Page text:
An instance of the group activity selection problem with ordinal preferences (\({\textsf {o}}\hbox {}{\textsf {GASP}}\)) consists of a triple (N, A, P). An assignment for an instance (N, A, P) of \({\textsf {o}}\hbox {}{\textsf {GASP}}\) is a mapping \(\pi :N\rightarrow A\). We set \(\pi ^{a}:=\{i\in N\mid \pi (i)=a\}\) for \(a\in A\), and \(\pi _{i}:=\{i^{'}\in N\mid \pi (i^{'})=\pi (i)\}\) for \(i\in N\).
Abusing notation, we say that assignment \(\pi \) assigns agent i to alternative (a, k) if \(\pi (i)=a\) with \(\pi ^{a}=k\). Also, we identify the void activity \(a_{\emptyset }\) representing the outside option “do nothing” with the alternative \((a_{\emptyset },k)\), for any \(k\in \{1,\ldots ,n\}\). For the sake of readability, in this paper we omit the repeated use of the term “nonvoid” when referring to the number of activities in an instance (N, A, P) of \({\textsf {o}}\hbox {}{\textsf {GASP}}\); that is, with abuse of notation we refer to \(A^{*}\) as the number of activities in the instance.
As the main requirement considered for an assignment, no agent should be assigned to an alternative she deems unacceptable. Formally, an assignment \(\pi :N\rightarrow A\) is said to be individually rational if for every \(a\in A^{*}\) and every agent \(i\in \pi ^{a}\) it holds that \((a,\pi ^{a})\in S_{i}\).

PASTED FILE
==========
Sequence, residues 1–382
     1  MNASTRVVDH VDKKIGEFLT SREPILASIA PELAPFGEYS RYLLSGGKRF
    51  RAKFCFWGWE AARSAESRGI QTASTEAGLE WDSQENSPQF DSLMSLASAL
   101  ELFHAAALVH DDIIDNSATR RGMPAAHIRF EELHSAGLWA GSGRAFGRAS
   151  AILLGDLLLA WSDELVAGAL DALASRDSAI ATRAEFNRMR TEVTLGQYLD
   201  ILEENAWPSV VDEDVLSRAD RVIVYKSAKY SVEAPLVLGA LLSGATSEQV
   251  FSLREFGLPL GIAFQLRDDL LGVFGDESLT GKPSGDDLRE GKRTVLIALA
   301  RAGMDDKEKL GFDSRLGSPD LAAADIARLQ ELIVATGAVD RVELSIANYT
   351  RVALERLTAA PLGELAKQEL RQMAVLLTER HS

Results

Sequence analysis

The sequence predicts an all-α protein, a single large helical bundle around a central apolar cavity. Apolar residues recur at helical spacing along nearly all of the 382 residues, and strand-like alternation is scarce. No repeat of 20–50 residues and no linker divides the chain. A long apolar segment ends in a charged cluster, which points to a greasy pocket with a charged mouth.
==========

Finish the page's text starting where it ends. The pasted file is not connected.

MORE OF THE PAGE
Clearly, in any instance (N, A, P) of \({\textsf {o}}\hbox {}{\textsf {GASP}}\) the trivial assignment \(\pi _{\emptyset }\) which assigns each agent to \(a_{\emptyset }\) is individually rational. As a consequence, an individually rational assignment always exists. A natural goal of a benevolent central authority, however, might be to maximize the number of agents assigned to a nonvoid activity. Let \(\#(\pi )=\{i\in N\mid \pi (i)\ne a_{\emptyset }\}\) denote the total number of agents assigned to nonvoid activities under assignment \(\pi \).